They’re the oldest, smallest, most plentiful—and definitely most essential—life forms on Earth. Microbes are a source of endless fascination for University of Oregon biology professor Brendan Bohannan, who studies how humans interact with microorganisms, such as bacteria, fungi, and viruses, that are ubiquitous in our natural environment—and in our bodies. “We have more genes in us from our microbes than we do from our lineage as humans,” says Bohannan, who won a 2015–16 Fund for Faculty Excellence Award. Much of his research has focused on microbial diversity in outdoor environments, including rainforests in the Amazon and in the West African country of Gabon, where he’s been assessing how deforestation affects microbial diversity in the soil. Closer to home, Bohannan is working with zebrafish, tracking them throughout their life cycle to see how diet, genetics, and immune response affect their microbial diversity. And he’s also part of an interdisciplinary team studying the changing microbial makeup of the Shuar people of Ecuador, once isolated but now adopting a more Western lifestyle. With colleagues at the College of Education, he’s researching how adoption affects the microbiomes of children. “The overarching topic in all of this,” he says, “is how humans and human activity influence the microbial world.”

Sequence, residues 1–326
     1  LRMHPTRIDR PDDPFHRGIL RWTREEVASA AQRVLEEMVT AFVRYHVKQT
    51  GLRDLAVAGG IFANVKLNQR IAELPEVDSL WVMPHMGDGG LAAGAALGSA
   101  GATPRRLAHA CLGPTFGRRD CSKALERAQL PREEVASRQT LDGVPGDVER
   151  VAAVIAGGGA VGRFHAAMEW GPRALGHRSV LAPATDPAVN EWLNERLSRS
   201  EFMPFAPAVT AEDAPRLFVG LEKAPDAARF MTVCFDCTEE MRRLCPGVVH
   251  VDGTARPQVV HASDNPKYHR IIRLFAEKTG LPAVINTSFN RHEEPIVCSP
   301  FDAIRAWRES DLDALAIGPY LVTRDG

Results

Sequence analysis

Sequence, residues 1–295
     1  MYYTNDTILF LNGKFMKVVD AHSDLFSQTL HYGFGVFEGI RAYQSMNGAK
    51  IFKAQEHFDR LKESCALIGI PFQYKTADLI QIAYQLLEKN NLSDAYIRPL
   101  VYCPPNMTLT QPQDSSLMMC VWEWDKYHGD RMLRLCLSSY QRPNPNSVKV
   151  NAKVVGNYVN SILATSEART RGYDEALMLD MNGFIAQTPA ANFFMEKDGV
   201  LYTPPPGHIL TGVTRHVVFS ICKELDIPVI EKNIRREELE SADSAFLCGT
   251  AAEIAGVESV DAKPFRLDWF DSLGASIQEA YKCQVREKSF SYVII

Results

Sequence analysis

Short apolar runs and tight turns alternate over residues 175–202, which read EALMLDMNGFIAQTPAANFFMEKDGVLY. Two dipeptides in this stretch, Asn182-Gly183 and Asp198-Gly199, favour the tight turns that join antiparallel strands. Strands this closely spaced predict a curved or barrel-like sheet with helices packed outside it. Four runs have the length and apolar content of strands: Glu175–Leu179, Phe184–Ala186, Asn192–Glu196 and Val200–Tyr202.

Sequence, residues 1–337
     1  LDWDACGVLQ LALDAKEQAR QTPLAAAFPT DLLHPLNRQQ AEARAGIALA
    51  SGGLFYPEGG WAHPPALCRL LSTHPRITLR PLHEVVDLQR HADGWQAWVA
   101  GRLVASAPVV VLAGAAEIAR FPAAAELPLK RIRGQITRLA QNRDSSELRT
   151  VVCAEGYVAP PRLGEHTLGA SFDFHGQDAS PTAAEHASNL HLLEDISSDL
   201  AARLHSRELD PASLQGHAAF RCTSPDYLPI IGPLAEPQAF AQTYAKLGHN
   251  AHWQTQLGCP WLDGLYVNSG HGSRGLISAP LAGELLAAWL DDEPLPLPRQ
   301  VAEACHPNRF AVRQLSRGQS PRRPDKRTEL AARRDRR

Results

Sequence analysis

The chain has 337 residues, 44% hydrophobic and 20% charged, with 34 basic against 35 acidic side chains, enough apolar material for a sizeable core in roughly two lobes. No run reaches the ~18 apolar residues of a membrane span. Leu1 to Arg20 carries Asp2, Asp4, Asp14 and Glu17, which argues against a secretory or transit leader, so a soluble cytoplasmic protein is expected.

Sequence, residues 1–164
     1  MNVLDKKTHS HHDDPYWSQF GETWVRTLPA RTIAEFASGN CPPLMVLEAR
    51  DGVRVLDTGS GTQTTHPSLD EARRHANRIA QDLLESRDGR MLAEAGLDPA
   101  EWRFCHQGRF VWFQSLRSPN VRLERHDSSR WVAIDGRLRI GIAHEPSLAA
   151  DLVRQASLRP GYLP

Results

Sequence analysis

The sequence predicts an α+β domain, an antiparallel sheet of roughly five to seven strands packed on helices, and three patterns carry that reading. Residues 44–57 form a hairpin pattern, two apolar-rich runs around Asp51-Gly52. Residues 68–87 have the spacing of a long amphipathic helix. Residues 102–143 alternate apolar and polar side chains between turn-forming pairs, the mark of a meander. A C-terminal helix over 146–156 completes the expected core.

RAISE A GLASS
Oregon is the only state to have an official microbe: Saccharomyces cerevisiae, otherwise known as brewer’s yeast and a key component of craft beer.
WHO OWNS YOUR POOP?
That’s the question of the year, now that researchers can sequence the DNA of microbes that exist symbiotically with humans. Many questions have arisen as to whether these microbes should be considered part of, or separate from, the human body. “Now that they can have this information about you,” Bohannan says, “there are many ethical implications."
RAINFOREST VS. FARM
Bohannan’s studies have found that while farms have more types of microbes than forests, every soil sample from a farm looks alike. In a forest, each sample is drastically different. Rainforests provide many services to humans, including the consumption of methane, while farms pump methane into the atmosphere. Bohannan is curious whether methane-eating microbes can be introduced into farmland.
TEACHING BEYOND THE LECTURE
Bohannan says his approach to teaching—no long lectures—is novel in the sciences. Building on his belief that students should play an active role in the teaching and learning process, he lets his students help shape each course. “Teaching is the most important thing that I do,” he says. “It’s the largest impact I’ll have as a professor. It’s fun to be at Oregon where that is valued.”
Bohannan, who previously taught at Stanford University, says the UO is one of the most collaborative institutions he’s encountered. “It’s easy to collaborate between faculty and departments,” he says, “and we are rewarded for that. The questions are so thorny now that it takes people from many disciplines to solve them.”